"That's some bad hat, Harry."
Anyone who half-ironically tuned into the Syfy original movie/meme-generator "Sharknado," we're blaming you. Thanks to the shocking success of grade-Z creature feature "Sharknado," we're now perched on the toothy edge of a "ridiculous shark movie" boom, one that could gobble up Hollywood whole. Because, as we've learned from "The Social Network," the only thing cooler than a million shark movies is a billion shark movies.
According to a report in The Hollywood Reporter, Syfy is planning a string of new shark-related movies, and on July 27 will have an all-day Sharkathon that includes a repeat of "Sharknado" (its third airing on the network), Roger Corman's moderately funnier and better produced "Sharktopus," "Swamp Shark," and "2-Headed Shark Attack" (a movie that came on right after the initial "Sharknado" airing).
In August, the channel will premiere "Ghost Shark," from the humanitarians that brought us "Swamp Shark," which is apparently about the specter of a shark that can hunt "anywhere there is enough water or rain to sustain its phantom form." (Shouldn't it just be able to go anywhere? It's a ghost! And a shark!)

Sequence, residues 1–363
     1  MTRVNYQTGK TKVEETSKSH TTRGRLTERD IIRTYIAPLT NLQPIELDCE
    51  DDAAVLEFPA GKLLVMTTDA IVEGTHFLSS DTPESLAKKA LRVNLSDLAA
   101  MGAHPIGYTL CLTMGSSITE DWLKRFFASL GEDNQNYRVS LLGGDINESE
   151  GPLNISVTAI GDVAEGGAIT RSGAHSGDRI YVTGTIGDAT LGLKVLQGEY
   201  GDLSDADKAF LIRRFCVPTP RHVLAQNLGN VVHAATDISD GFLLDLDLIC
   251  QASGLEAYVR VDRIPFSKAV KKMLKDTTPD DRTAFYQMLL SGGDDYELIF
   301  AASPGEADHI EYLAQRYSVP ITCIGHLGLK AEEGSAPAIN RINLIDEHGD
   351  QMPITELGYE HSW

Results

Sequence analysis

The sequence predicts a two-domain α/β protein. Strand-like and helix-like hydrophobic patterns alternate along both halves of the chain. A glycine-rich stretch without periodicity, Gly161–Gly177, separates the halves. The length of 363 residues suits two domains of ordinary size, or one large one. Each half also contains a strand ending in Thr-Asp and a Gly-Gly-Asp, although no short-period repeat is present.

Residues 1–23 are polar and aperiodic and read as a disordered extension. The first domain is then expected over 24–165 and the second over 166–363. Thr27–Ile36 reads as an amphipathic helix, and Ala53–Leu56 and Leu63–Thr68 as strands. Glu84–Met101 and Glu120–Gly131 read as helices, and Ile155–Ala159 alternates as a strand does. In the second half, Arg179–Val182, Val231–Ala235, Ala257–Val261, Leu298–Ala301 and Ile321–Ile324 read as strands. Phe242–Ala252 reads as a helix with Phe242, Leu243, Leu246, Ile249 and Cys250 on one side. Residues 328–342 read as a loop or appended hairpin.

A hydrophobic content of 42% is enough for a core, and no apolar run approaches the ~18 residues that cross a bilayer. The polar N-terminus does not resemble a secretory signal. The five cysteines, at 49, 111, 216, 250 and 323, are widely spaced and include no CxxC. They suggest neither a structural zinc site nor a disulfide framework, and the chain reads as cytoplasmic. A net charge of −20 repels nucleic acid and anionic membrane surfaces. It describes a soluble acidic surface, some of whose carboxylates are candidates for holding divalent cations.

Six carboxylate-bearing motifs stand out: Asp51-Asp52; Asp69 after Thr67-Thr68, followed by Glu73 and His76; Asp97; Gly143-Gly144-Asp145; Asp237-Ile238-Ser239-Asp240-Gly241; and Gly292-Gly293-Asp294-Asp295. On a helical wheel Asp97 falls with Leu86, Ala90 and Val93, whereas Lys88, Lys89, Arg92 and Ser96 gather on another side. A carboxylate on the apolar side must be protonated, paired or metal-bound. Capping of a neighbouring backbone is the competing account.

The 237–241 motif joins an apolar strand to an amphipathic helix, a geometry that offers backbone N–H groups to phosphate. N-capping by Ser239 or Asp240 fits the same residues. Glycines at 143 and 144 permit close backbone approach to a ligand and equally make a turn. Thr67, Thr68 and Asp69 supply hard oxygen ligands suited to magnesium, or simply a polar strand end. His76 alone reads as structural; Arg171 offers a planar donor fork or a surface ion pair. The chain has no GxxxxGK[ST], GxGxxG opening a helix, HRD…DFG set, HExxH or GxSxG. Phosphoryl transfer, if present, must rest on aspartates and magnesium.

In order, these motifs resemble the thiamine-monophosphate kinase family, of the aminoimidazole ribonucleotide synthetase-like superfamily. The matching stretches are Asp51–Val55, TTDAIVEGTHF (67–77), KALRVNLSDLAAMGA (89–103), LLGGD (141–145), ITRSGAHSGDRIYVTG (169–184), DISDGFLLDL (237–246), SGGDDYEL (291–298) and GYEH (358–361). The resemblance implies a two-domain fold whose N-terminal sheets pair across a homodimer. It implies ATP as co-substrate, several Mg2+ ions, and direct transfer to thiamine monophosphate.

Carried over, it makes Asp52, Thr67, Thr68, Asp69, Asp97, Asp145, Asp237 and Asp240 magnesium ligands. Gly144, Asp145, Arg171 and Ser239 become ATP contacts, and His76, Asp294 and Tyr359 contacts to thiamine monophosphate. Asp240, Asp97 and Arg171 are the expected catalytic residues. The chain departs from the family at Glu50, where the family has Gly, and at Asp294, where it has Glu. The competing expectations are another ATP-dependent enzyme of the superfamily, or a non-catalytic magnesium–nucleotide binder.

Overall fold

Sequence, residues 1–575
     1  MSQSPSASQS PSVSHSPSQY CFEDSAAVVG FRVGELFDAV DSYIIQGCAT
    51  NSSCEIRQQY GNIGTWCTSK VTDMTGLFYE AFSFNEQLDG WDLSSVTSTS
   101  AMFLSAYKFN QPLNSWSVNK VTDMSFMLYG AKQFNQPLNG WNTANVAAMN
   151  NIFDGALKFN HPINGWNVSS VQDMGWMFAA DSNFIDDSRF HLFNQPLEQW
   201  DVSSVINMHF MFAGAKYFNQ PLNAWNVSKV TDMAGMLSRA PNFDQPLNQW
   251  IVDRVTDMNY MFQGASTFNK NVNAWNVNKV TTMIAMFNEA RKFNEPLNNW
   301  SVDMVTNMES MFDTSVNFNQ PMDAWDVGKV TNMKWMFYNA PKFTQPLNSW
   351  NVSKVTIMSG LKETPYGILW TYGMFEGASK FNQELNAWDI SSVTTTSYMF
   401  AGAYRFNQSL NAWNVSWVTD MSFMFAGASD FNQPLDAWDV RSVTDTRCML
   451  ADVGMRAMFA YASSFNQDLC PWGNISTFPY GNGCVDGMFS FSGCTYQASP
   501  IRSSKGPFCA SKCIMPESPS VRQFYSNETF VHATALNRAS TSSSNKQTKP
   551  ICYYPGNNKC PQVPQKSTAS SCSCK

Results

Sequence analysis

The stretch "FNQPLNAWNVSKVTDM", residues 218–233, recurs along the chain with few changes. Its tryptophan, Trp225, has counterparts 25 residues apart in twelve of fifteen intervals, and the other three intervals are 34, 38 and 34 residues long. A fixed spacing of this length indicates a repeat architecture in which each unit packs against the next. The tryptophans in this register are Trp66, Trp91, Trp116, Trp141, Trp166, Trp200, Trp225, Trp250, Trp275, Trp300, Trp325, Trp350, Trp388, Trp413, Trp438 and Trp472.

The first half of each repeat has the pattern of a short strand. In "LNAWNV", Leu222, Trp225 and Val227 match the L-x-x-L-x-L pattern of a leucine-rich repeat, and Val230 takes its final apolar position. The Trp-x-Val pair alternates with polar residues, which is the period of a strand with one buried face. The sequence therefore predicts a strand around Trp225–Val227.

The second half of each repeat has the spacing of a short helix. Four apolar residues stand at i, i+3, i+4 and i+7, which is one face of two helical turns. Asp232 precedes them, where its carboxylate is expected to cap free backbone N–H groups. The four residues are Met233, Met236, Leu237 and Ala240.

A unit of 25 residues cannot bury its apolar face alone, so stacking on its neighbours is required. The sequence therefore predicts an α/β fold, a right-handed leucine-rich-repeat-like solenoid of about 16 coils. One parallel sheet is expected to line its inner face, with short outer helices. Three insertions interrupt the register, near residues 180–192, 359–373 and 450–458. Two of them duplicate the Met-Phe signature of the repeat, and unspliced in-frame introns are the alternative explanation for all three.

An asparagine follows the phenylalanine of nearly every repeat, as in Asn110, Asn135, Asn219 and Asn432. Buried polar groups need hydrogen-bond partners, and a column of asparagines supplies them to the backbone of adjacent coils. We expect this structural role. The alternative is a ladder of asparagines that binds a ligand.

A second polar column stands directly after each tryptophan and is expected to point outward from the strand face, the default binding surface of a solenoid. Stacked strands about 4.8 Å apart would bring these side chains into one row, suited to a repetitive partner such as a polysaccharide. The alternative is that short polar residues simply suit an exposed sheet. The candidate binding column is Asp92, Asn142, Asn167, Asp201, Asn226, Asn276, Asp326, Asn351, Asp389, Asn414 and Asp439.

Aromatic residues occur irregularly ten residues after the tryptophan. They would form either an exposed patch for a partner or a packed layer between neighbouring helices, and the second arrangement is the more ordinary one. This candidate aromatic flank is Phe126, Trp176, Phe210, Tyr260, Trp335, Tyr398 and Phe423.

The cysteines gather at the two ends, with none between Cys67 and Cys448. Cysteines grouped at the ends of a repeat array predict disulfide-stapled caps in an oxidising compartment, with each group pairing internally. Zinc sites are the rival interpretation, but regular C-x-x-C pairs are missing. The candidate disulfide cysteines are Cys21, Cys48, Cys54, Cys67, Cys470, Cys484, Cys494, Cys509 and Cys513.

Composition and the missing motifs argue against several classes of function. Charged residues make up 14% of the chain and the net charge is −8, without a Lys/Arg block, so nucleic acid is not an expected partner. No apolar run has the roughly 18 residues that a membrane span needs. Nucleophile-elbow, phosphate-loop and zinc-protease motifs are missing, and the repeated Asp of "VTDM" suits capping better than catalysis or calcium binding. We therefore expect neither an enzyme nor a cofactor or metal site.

"There has been a surge in shark movies -- the concepts are getting more outrageous, and 'Sharknado' is the pinnacle," Paul Bales, partner for administration and operations at The Asylum, the Burbank-based studio behind "Sharknado," told The Hollywood Reporter. He continued: "I don't know if ['Jaws' director] Steven Spielberg would agree, but we started the shark movie trend with 2009's 'Mega Shark vs. Giant Octopus,' which gave Syfy courage to up the ante on sharks."
The Hollywood Reporter points to the popularity of the Discovery Channel's annual Shark Week programming block, which generated 21.4 million viewers in 2012 (up sharply from the previous year's numbers). The next Shark Week starts August 4 and will hopefully unleash a new installment in the "Air Jaws" series and tons of things that have cheesy reenactments of people getting chomped on.
There will be a sequel to the campy shark-tornado hybrid movie, obviously, and there is an MTV pilot in development from the folks at The Asylum. "It's at the script stage. It is horror but with comedy elements and the expected outrageousness of an Asylum production," Bales told The Hollywood Reporter. "Teen Wolf," you're about to have some competition.
While "Sharknado" isn't exactly a phenomenon from a ratings standpoint (its two airings brought in 1.37 and 1.9 million viewers), its foreign sales and home video deals mean a boom for The Asylum, which is expected to earn $19 million this year, up from 2009's $5 million. Not too shabby for a movie that is arguably not even worthy of a so-bad-it's-good qualifier.
As a bonus, "Sharknado" is storming into Regal Cinema theaters for a one-night-only midnight showing on August 2.